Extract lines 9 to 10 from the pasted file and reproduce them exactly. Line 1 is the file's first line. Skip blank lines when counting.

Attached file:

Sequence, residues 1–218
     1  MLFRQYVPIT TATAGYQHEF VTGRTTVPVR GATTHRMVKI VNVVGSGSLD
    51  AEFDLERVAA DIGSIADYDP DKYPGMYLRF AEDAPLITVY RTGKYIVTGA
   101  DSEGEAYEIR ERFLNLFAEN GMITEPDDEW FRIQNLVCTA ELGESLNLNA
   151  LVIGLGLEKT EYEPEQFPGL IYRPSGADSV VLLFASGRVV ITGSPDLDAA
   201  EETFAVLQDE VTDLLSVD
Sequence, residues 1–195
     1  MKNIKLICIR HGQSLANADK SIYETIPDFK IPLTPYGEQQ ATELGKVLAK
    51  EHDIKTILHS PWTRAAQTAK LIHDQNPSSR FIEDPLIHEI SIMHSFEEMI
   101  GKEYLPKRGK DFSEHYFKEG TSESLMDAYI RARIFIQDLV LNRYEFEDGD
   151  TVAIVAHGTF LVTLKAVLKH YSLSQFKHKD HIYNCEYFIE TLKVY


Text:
    51  EHDIKTILHS PWTRAAQTAK LIHDQNPSSR FIEDPLIHEI SIMHSFEEMI
   101  GKEYLPKRGK DFSEHYFKEG TSESLMDAYI RARIFIQDLV LNRYEFEDGD